During our second week here in London, we all decided to go to a pub together after our first class visit to City Hall. We remembered a spot Dean Jensen pointed out to us during London week next to Borough Market and headed that way. While reading “Pub-Talk” in Watching the English, I didn’t get more than a few pages in when I remembered this time and realized some of the many unspoken social codes we’d violated. Almost all 17 of us walked into the pub and immediately started looking for a table big enough to fit the group. After drawing the attention of the few people and staff in the quiet pub, we finally found a table in the back corner and sat down—mistake number one. As we quickly realized, a waiter or waitress does not come to the table and serve you at an English pub. I think we may have all been aware of this rule, but our customer-service American subconscious took over in our excitement to start experiencing “pub-culture.” Mistake number two—if we really wanted the full experience, we shouldn’t have sat down at this table in the corner, far away from the bar. Sitting at and standing near tables by the bar is where the friendly “pub-talk” occurs. Here, conversations with strangers are customary—unlike most other places in England, where striking up a conversation with a stranger is wildly uncommon. This crowded area around the bar is one of the few places in English society where disorder is accepted, and is actually organized to some degree. Although there isn’t a physical one of the English beloved queues, bar tenders and visitors understand an unspoken order in which everyone should be served. When the 17, or so, of us approached the bar, things didn’t feel quite so orderly. For Americans, it seems getting a drink at the bar is much more hectic. This chapter helped me understand the “orderly nature of English disorder,” and our ignorance of it. Our time at the pub shows just how disorderly American disorder can be.

An Unconventional First Day

I expected to have a pretty normal first day. I got up early and gave myself plenty of time to navigate my 25-minute commute, just in case I messed up a long the way. I thoroughly studied Google maps both the night before, that morning, and took screen shots to reference during the trip. I made it through my four tube stops and line transfer without any problems. But when I walked out of Old Street station and started to get pelted with rain, things started to go south. Too busy fumbling for my umbrella and rain jacket to refer to my screenshots, I walked straight ahead out of the station. I wasn’t sure I was going in the right direction, but I told myself I’d check once I was under some kind of cover. I couldn’t find any street signs anywhere and walked about three blocks before I turned around, thinking I was going the wrong way. Begrudgingly, I went into my settings and flicked on my data roaming. I needed Google Maps to hold my hand on my walk to the first day of work.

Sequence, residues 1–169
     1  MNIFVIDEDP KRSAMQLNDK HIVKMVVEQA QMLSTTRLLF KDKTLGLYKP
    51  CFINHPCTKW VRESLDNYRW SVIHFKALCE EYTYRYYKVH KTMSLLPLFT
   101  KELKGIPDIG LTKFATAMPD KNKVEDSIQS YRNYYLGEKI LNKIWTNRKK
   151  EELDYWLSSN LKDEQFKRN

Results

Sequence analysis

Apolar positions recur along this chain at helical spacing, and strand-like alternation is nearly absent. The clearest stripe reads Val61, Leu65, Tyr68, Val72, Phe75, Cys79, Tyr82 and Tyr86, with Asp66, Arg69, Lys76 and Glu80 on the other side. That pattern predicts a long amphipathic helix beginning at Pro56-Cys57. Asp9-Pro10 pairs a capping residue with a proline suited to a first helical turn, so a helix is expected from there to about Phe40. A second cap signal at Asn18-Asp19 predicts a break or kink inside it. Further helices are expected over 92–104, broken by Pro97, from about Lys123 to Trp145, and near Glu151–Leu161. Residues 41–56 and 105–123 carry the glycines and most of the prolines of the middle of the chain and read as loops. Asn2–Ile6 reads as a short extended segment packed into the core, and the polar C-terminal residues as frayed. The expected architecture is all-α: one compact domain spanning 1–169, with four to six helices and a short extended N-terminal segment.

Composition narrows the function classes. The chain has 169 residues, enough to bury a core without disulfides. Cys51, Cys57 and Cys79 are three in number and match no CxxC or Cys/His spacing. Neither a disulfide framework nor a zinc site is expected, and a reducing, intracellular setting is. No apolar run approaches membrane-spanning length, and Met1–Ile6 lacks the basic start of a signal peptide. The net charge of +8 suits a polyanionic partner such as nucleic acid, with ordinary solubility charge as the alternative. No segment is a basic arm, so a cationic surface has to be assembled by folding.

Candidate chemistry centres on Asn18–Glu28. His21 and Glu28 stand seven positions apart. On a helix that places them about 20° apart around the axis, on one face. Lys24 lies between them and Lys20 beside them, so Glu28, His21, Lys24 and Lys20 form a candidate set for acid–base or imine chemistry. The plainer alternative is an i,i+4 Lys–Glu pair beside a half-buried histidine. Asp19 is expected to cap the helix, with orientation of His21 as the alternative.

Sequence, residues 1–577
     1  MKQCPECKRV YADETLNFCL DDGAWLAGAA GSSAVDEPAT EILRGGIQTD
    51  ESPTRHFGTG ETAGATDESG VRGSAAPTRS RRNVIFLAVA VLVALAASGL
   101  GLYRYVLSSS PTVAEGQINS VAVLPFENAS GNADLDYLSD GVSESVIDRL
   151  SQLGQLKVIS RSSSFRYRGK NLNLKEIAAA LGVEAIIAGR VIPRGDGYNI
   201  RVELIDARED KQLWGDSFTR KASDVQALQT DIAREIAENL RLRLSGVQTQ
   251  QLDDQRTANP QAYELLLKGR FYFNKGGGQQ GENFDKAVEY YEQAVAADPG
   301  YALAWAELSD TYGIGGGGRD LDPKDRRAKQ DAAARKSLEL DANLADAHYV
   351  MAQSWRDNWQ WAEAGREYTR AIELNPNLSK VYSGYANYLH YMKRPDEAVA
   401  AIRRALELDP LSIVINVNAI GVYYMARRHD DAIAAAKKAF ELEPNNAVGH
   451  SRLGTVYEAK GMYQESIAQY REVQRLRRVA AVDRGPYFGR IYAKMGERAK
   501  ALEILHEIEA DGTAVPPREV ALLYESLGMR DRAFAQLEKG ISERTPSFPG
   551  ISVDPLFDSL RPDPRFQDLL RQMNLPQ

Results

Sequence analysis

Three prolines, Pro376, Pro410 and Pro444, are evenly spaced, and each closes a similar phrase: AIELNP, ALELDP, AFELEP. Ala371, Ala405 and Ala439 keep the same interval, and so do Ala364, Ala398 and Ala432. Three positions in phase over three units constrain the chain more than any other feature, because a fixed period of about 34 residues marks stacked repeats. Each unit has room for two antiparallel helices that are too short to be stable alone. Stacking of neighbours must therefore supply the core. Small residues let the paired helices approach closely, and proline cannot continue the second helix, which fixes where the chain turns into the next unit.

I finally got to the office with a few minutes to spare. One of the Co-CEO’s of my company, Catch21, greeted me at the reception and brought me downstairs to an empty conference room. After about thirty minutes of introduction and explaining a little more about what I would be doing, Henry told me he’d see me tomorrow at 10 a.m. That’s it? I thought. Only thirty minutes for the first day? It wasn’t the conventional 9-5 work day I expected, but it only made me more excited for Wednesday.

First Impressions

First Impressions Aren’t Always the Right Impressions

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When Paige Harrison walked into the conference room at Pembroke, the first question she asked was how many of us are “C-School” majors. I’ve come to dread answering this question. It’s not that I’m not proud of, or enjoy being a Journalism major, but I find it awkward sitting there while all but two or three people out of the group of seventeen raise their hands. She then asked how well versed we were in finance and real estate terms. I was relieved when Dean Jensen spoke up for the timid bunch and told her all but one of us are juniors and studying a wide variety of subjects.

I automatically assumed Ms. Harrison was a C-School grad herself. To me, everything from her white tweed blazer and her sleek haircut screamed, “I’m a W&L Williams School Grad,” and those questions only bolstered my suspicions. But, I was wrong. Near the end of the session, Ms. Harrison told us she was actually an English Major at W&L. My ears perked up as I heard those words come from the mouth of the woman I was so sure I had figured out. She then went on to say she had only taken two Econ classes while she was an undergrad and admitted that she tried to avoid classes that could be somewhat practical for a job in the real world. I was shocked. Her next pieces of advice may be the best advice I’ll take away from the entire week. She said she regretted not taking any businesses classes and encouraged us to do so, even if we aren’t “C-School” majors. I’m glad my first impression of Ms. Harrison was wrong, and I’m looking forward to figuring out how to fit a couple businesses classes in my schedule over the next two years.

–Julia Gsell